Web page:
There are so many benefits to positive thinking! People who think positively feel less stress, since they are always looking on the bright side of things, and are looking towards the many ways a situation can work out positively, rather than fearing all the bad things that can, but probably won’t, come to fruition. As a result, positive thinkers have lower likelihood of suffering from depression, and are more resilient when something does go wrong temporarily. When we are able to avoid stress and depression, and are able to bounce back more quickly from true negative experiences, we also tend to be in better physical health, too. Our motivation is improved, since we are always reaching for the stars and seeking and drawing more and more positive outcomes. Positive people often enjoy more feelings of increase personal, internal strength, and improved clarity in our thinking as well. All of these benefits can be extremely helpful to anyone working on his or her recovery. Strengths such as mental clarity, physical health, resilience, and general happiness are all things that can help people in recovery to continue moving forward on their clean and sober journey.
How to Practice Positive Thinking in Recovery
Certainly, this all sounds wonderful, but you may be thinking that thinking positively is easier said than done. If you are someone who is wrapped up in negative thinking and has been for much of your life, it may be difficult to make a change. However, there are many things you can do to help put yourself on the right track.
- Help others. Not only does helping others who are struggling or who are less fortunate than us remind us of all the good things in our own lives, giving people a boost can help inspire us by showing us that there are often solutions to problems that we can’t clearly see on our own. Consider volunteering with people, animals, or in nature, or simply be there to lend a listening ear to a friend when he or she needs one.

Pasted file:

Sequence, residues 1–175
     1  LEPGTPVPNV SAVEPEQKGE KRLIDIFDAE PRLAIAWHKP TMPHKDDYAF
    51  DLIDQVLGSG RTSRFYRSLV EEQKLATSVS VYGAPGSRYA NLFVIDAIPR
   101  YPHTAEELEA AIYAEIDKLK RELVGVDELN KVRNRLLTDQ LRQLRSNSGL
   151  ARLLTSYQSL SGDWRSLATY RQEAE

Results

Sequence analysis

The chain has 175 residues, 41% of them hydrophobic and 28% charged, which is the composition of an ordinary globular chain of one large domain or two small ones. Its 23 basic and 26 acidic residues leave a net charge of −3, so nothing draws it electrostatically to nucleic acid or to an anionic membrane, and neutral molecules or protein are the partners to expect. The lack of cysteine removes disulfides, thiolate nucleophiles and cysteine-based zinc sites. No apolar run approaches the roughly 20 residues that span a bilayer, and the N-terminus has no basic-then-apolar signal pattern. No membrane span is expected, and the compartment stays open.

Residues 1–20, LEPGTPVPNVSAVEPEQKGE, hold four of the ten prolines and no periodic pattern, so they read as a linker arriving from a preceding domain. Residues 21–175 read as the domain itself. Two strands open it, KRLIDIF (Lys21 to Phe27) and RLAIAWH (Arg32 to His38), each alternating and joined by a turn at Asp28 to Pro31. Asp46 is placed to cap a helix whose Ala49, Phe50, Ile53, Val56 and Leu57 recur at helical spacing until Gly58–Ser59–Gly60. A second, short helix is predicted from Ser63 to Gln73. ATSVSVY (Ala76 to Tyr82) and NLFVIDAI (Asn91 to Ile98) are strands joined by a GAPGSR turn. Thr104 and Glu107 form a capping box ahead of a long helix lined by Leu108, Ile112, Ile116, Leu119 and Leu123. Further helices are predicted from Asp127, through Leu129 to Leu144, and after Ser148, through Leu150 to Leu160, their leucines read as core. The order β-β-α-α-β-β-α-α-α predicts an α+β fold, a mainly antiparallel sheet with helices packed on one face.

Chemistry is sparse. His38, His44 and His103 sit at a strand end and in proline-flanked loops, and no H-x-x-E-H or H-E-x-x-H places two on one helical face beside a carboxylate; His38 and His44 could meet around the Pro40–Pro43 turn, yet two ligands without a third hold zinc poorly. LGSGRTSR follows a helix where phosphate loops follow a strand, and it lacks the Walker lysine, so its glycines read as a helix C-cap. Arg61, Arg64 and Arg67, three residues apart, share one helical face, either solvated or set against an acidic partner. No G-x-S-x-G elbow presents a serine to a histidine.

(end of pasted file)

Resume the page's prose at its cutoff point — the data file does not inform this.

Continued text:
- Practice acceptance. Sometimes there isn’t a solution to every problem, certainly, but if we accept the things we cannot change in the world, and look to them as learning experiences rather than curses, this new way of viewing things can help us to be more positive about the challenges we face.
- Keep your relationships strong. When we are busy and wrapped up in our own lives, it’s sometimes easy to let our relationships with friends and family go by the wayside. However, if we take the time to reach out to the people that are important to us, we are consistently reminded of our support systems and the people that are a positive force in our lives.
- Practice gratitude. Developing a gratitude practice can help you become more and more positive each day. Even in our most challenging times, we all have so much for which to be thankful, and no matter what obstacles you may face, there are always people out there much worse off than you. Remember these things; write them down or at least take time each day to list several points of gratitude, and you will be amazed at how much of a difference it can make.
- Stay healthy. A good diet and regular exercise can help you stay positive, too. When our bodies are in optimal shape, then it’s natural that we will feel good about ourselves and, in turn, about the world around us. Further, exercise releases endorphins, which naturally make us happier and more positive people.
- Seek out inspirational readings, speakers, and affirmations. In the world of recovery, there are so many positive readings and speakers available to you online and in person! Many of these were created by people who have been through many of the same struggles as you, and just listening to or reading about their journey can help you to feel more positive about your own. Daily affirmations, spoken aloud in the morning or just before bedtime can further help to solidify feelings of positivity in our own life.
- Smile! It seems so simple, but just wearing a smile as often as you can can make a huge change in your life. When you smile, the whole world smiles with you. Smile at children, animals, and people you see on the street. In most cases, they will react positively back to you, and then the positivity will just grow and grow from there!
Although you may feel down about your past and your addiction, clearly, positive thinking can be a big help to you on your recovery journey. It may seem daunting to try to feel positive after all you have been through so far, realizing these benefits and using these tips to start thinking more positively can help to get you on the right track to a happier and continuously improving life in recovery. Good luck, and hey – smile!
At Clear Sky Recovery, we are here to help you take the first steps on your recovery journey. Our facility in Cancun, Mexico is a staffed by experienced doctors, nurses, and therapists that will help you go deep within yourself to get to the root of your addiction. Our innovative ibogaine detox therapy is special and life changing and may be just what you need to start anew. Please give us a call today to learn more and to determine whether this sort of therapy is right for you. We look forward to hearing from you!